In a new op-ed in the Washington Post, McFaul makes it clear he sees Volodymyr Zelensky’s meeting with President Joe Biden as in need of a loud battle cry, appealing to the American government and the public to rally behind Ukraine’s calls for support. But, as is customary in the Stanford professor’s output, Kiev is really just an excuse, almost reduced to a mere pretext.
In reality, McFaul has a much larger (and very old) ax to grind, namely with Russia (and Belarus and China thrown in, too, for good measure). In his best Cold War-reenactor fashion, the former – and somewhat hapless and gaffe-prone – diplomat wants us to believe in three main things: dominos, good “sons of b**ches,” and strategic silence.
When it comes to dominos, McFaul is commendably explicit. Either Ukraine gets the support it wants from Washington, and the country then succeeds (there is a bad non-sequitur here, as some people in Kabul have just found out, but never mind…), or nasty autocrats from Moscow to Beijing will be “emboldened.” If Kiev topples, Western civilization goes with it.
One wonders what he means. Maybe “emboldened” would be a better term for the current state of mind of the Taliban? After all, they have not only completely defeated the US, which must boost morale, but America has also left them with a superb arsenal and experts and officers who, if the Taliban doesn’t just murder them, are perfect candidates for being pressed into their service.
However, never mind. Let’s worry about “emboldening” Russia, China, and that terror of the West, Belarus. A medium-sized, middle-income European country that, let’s be honest, is a threat to nobody but itself.
This is, make no mistake, a classic of Cold War illogic, elevating, or rather fantasizing, a state into a strategic forward position on which depends a whole global or at least regional outcome. It did wonders for those initially “benefiting” from this figure of non-thinking, from Laos to Vietnam to name only two. And – oh, irony! – while the domino theory caused immense suffering, it was also completely needless, even on its own terms. Because it was tested, even if McFaul hasn’t noticed or can’t recall: it never worked, Vietnam did “fall” – and yet, the West won the Cold War, and the Soviets are gone.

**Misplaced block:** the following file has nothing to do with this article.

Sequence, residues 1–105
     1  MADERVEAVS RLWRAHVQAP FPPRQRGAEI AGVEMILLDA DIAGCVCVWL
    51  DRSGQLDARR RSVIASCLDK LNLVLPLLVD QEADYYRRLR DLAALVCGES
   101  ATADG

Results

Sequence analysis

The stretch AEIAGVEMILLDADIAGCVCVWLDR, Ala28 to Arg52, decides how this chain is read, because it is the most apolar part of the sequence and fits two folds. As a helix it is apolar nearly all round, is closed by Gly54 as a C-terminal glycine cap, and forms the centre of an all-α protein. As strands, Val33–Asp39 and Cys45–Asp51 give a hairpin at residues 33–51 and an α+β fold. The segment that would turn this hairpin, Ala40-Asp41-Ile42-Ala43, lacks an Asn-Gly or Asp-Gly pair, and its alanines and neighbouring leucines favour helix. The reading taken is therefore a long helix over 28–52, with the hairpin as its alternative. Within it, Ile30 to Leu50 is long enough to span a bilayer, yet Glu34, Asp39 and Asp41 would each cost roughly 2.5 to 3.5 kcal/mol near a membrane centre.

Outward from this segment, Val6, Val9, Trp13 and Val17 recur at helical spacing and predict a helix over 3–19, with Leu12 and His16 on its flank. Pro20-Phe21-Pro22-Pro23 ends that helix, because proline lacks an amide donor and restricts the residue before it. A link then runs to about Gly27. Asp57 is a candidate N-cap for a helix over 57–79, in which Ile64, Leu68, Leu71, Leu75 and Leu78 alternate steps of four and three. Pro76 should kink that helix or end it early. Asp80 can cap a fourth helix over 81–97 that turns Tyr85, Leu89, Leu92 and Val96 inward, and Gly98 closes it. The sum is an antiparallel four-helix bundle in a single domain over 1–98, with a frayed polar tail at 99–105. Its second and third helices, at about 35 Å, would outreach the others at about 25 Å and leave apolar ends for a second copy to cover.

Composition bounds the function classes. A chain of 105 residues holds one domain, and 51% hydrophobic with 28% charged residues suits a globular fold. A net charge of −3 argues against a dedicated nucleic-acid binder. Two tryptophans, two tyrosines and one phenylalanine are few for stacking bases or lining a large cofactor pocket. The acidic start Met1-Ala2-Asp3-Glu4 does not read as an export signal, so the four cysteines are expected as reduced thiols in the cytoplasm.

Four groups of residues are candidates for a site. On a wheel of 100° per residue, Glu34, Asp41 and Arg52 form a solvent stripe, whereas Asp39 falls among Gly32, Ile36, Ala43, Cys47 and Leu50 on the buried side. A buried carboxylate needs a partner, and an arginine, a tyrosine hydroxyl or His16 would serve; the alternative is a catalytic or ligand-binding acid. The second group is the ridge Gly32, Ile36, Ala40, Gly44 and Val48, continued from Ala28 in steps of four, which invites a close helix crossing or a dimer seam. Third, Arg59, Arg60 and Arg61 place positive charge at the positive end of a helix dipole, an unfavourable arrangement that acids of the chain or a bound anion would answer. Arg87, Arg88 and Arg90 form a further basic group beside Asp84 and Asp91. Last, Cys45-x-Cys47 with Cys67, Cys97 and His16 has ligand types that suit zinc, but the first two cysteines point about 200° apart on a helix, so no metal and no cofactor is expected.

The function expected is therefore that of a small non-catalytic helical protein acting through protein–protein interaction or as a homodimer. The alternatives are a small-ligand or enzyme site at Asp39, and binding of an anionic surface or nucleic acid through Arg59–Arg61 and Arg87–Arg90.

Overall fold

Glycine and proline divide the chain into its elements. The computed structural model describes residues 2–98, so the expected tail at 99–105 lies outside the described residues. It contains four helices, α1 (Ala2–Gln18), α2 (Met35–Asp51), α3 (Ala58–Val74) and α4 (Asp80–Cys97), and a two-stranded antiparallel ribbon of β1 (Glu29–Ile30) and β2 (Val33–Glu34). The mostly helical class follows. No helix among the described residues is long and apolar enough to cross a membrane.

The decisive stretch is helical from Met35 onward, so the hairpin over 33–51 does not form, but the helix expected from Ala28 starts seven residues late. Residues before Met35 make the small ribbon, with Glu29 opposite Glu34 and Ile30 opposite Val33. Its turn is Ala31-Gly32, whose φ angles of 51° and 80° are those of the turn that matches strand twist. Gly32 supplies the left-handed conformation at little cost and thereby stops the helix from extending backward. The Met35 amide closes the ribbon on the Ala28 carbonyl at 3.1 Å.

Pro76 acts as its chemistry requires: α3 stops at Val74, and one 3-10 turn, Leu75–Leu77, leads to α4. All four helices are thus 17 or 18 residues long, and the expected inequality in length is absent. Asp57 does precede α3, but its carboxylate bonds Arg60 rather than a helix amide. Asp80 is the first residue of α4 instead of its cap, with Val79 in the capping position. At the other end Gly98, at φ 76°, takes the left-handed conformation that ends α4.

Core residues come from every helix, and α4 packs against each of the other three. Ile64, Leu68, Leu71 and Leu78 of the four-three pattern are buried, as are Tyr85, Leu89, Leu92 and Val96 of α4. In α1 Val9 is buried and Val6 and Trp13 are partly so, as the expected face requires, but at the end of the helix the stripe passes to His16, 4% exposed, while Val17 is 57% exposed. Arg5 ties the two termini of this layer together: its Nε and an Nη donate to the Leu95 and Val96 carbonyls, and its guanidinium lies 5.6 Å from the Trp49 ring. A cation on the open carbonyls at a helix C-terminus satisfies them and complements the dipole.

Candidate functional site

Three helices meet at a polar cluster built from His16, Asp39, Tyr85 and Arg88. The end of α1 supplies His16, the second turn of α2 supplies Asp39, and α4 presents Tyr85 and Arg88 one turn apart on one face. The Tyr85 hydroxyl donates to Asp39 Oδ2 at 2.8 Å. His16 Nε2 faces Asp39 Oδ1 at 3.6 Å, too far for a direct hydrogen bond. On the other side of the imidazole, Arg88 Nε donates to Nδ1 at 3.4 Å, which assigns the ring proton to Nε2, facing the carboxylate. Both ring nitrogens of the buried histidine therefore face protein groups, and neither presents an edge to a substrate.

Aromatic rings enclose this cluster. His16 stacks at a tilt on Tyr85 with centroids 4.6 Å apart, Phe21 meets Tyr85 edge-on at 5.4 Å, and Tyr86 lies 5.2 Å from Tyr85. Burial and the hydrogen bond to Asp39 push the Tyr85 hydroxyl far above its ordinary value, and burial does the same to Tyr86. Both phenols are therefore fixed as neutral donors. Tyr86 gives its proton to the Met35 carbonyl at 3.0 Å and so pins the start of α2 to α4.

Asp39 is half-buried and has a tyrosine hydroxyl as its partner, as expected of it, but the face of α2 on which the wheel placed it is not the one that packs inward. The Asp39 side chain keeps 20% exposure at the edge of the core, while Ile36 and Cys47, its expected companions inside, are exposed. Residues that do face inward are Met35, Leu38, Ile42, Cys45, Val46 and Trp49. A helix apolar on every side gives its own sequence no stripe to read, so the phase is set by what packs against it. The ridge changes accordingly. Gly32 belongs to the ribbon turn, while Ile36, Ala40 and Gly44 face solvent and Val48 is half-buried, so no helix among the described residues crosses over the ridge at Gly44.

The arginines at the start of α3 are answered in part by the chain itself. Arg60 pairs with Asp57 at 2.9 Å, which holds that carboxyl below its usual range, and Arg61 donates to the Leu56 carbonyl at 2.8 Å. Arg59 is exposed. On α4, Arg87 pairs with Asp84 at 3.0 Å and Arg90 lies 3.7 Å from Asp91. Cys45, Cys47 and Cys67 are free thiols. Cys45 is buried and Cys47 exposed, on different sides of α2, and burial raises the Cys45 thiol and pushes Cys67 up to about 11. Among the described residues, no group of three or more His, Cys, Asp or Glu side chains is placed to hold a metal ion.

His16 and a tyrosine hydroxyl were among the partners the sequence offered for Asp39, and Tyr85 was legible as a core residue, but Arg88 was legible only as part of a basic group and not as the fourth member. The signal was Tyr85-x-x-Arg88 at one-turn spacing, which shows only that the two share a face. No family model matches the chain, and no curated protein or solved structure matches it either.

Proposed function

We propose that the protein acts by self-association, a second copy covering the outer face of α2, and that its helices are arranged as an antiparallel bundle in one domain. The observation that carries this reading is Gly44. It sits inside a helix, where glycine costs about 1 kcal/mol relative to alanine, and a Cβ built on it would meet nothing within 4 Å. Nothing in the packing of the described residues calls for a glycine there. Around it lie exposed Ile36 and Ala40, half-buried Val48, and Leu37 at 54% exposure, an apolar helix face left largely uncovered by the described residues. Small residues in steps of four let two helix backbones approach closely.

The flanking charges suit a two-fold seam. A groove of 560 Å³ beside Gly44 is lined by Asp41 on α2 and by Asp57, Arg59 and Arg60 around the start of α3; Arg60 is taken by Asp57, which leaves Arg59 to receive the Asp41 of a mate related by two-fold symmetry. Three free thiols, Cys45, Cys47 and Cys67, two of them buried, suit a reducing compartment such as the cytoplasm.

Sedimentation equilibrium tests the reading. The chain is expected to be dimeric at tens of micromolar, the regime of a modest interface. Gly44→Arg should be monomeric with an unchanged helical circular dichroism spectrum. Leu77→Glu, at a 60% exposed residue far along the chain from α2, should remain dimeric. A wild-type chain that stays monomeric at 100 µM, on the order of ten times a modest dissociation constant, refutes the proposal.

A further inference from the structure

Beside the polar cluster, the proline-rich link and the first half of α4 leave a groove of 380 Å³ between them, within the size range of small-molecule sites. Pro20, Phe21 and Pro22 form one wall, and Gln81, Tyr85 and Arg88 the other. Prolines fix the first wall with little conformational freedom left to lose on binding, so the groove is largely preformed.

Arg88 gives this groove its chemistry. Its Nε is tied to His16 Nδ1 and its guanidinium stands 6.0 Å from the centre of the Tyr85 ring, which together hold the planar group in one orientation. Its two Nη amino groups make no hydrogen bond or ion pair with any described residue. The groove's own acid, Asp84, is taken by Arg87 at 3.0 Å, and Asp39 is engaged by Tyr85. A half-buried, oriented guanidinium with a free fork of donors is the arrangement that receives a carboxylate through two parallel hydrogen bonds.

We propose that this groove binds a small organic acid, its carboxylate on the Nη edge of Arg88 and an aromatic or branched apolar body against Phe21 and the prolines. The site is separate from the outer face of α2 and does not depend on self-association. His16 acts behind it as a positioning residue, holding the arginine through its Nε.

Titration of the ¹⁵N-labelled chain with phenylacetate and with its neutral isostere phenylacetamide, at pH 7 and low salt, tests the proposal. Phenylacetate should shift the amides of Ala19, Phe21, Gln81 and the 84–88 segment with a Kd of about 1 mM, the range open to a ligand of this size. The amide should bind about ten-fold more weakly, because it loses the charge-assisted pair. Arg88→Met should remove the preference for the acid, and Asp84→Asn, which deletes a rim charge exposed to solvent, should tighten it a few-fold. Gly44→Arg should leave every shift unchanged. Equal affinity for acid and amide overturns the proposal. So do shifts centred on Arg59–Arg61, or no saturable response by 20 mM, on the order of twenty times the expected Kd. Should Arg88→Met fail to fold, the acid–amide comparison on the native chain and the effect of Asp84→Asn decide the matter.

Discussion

But for McFaul, the Cold War, more than 30 years after its end, has no real history. It’s a Hollywoodish myth of good guys holding the line for “freedom” in the middle of Germany. And when you see no history, there is, of course, nothing you can learn from.
Zelensky, in his view, may have problems to contend with, McFaul acknowledges. But if he is a “son of a b**ch,” he is at least “our son of a b**ch.” The US, he recommends, should go easy on corruption in Ukraine. In his resolute focus on a small part of the world, this political scientist seems to not only have no historical memory but also be unable to build associations across continents. Otherwise it might have occurred to him that corruption has just played a major role in the Great Rout of Kabul.
Which has become America’s single worst post-Cold War debacle.
What a great idea to just deliberately downplay it! That worked so well last time around, which is hard to remember because it was – almost yesterday.
It gets better. If corruption shouldn’t be mentioned so much anymore in polite neo-Cold War company, McFaul is ready to offer an ersatz: Let’s talk more, instead, about democracy! That sounds appealing, even if it’s always a little funny coming from someone who is part of the American oligarchy’s upper intelligentsia crust.
The bigger oddity about his idea of democracy is that it includes classic moves from, as we now say, “the playbook” of authoritarianism. McFaul praises Zelensky for going after media affiliated with the political opposition. He also seems happy with Kiev hammering, not by political but by pseudo-legal means, the main elected opposition leader Viktor Medvedchuk, who supports rapprochement with Russia. For this democracy expert from Stanford, such behavior is commendably “forceful.”
His approach is not only baffling but dishonest. McFaul simply omits that Zelensky has by now also gone after yet another top media outlet, Strana.ua, which was shut down through an opaque security-service-driven procedure in Ukraine’s National Security Council (fortunately with only very limited success). Even the OSCE, unlike McFaul, has noticed something isn’t quite right here in Ukraine.
But no wonder that the former ambassador gets especially sloppy exactly at this point. Because that case is so egregious that even the most gung-ho Cold War-reenacting “democracy” expert would have trouble bending over backwards enough to defend it openly. So enter Cold War trick number three: Strategic Silence. When you can’t domino it and the behavior of your favorite “son of a b**ch” gets so embarrassing that it’s hard to spin, then just pretend it’s not there.
If McFaul were genuinely interested in democracy in Ukraine – and not just mobilizing and using the country on that grand old chessboard that armchair geopoliticians of his kind have always loved so much – he’d use his op-ed to warn Zelensky to reign in his own authoritarian tendencies. But instead this “friend” of Kiev – and here’s a good use for the term – only encourages the worst tendencies of what he seems to see as America’s miracle man in Ukraine.
And, of course, he also emboldens everyone in the US who believes that its degree of corporate media control and streamlining at home is not yet tight enough. When you promote authoritarianism abroad, it has a way of eventually backfiring in your own backyard.
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